Why Fewer Choices is Better in Budgeting & Condiments

From Podcast #179: Decision Fatigue, the one in which Jesse discusses why less is more in budgeting, among other things.

In our efforts to improve our money—or improve anything really—we tend to want to over-complicate things.

I think, perhaps, the over-complicating makes us feel like we’re making more progress. Like, “Gosh, this is extra-hard, so I deserve extra pats on the back for this massive endeavor that I have undertaken!”

But you don’t want to do that with your money. You want to keep it simple. And here’s why: when you keep it simple, there are fewer decisions.

Fewer moving parts simply require fewer decisions—and that’s a good thing.

So, “Where does this money come from? Should it be coming from this account, this account, this account, that account? What credit card should I use to pay at the grocery store — A, B, C or D? How do I maximize those points?” You know, all that stuff. It’s tiring. It costs you cognitive energy. You only have so much you can think about. It really is finite—you can’t think about everything. And so I would encourage you not to fill your head with things that don’t matter.

This truth applies in so many areas of life, but as it pertains to budgeting, there is a lot to be gained. As you budget, and really dial things in—giving every dollar a job, thinking ahead to those large, less frequent expenses and breaking them up into monthly amounts—instead of doing that whole song and dance when the bill comes and trying to juggle payments and wait for money to come in, you’ll just get the pay and pay the bill with money that has been sitting around waiting for that express purpose.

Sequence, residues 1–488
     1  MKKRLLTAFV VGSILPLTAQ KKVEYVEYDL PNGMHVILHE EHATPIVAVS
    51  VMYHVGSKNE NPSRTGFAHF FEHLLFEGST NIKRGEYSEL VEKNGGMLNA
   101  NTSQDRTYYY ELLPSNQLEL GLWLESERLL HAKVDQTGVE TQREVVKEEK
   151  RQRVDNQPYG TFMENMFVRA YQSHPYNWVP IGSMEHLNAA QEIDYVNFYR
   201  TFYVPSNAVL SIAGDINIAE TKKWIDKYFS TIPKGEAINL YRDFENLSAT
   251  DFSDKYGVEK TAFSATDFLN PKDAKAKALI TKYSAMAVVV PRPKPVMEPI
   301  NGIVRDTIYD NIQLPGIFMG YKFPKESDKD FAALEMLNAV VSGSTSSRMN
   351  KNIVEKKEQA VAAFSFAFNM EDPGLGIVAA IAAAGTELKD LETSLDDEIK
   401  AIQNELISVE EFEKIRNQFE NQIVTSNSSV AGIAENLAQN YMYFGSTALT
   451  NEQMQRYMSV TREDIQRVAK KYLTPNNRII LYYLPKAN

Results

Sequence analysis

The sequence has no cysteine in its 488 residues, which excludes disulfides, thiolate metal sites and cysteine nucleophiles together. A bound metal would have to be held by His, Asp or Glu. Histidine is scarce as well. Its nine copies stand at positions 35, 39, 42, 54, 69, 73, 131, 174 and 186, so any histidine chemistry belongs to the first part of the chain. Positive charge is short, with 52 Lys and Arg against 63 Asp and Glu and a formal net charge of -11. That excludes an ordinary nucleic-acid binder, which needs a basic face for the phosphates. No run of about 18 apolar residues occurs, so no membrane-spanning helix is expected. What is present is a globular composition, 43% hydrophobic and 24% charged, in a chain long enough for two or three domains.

Now, you’ve already made big decisions as you followed Rule One, Rule Two, adjusted with Rule Three as needed. You’ve made big decisions. You’ve thought through your priorities. You have a plan, this framework within which you can operate.

That will free your mind and then you can avoid the decision fatigue where you just always have to be thinking, “Do I pay this bill with this paycheck? Do I put this bill off till the next paycheck? How do I handle this? Do I use this credit card or that?”

You avoid all of that. “Should I buy this? Should I buy this?” Well, you’ve already decided. Is there money in that category for that thing? Then okay. But you make these decisions kind of in bulk. You sit in your budget meeting as you’re asking yourself, “What should this money do before I’m paid again?” you’re looking at the whole and you’re not having to revisit these tiny, little corners of your brain to figure out exactly what you should do when. That’s decision fatigue.

There was a famous study about, I think, ketchup, maybe mustard. People became less satisfied with their choice as they were presented with more and more options—and maybe that’s kind of the same thing that we want to avoid with our money, with our spending.

Work your budget. Trust your categories. Trust those priorities. Adjust when needed. As things change over time, change your budget. And then relax and don’t… You just don’t need to question every little thing. Just work inside that budget and things will work out.

Until next time, follow YNAB’s four rules and you will win financially. You’ve never budgeted like this. For more about how to stop living paycheck-to-paycheck, get out of debt and save more money, faster—subscribe to the You Need A Budget podcast today!